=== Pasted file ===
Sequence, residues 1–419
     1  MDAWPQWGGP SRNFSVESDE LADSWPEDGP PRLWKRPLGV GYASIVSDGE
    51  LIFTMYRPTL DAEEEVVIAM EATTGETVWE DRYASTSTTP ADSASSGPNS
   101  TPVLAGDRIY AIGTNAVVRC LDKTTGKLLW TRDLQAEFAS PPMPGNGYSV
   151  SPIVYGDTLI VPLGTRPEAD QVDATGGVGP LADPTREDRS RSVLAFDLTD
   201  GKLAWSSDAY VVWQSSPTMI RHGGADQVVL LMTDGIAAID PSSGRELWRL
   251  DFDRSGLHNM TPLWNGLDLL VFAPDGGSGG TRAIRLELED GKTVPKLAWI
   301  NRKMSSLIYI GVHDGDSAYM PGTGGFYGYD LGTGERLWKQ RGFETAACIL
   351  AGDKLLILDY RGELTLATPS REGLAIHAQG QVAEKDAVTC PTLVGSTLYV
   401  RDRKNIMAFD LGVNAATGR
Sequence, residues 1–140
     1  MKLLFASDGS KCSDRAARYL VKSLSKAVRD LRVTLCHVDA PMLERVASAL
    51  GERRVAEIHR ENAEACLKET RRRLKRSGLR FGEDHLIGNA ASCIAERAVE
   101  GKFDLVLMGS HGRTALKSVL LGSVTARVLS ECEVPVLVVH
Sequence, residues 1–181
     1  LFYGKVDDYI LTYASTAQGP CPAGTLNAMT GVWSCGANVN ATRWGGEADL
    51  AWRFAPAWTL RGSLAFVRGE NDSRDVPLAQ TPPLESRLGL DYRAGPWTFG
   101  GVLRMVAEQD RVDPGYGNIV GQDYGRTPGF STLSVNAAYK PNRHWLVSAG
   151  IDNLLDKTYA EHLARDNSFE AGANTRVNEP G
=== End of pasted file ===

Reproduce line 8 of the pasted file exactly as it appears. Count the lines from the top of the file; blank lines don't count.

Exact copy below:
   301  NRKMSSLIYI GVHDGDSAYM PGTGGFYGYD LGTGERLWKQ RGFETAACIL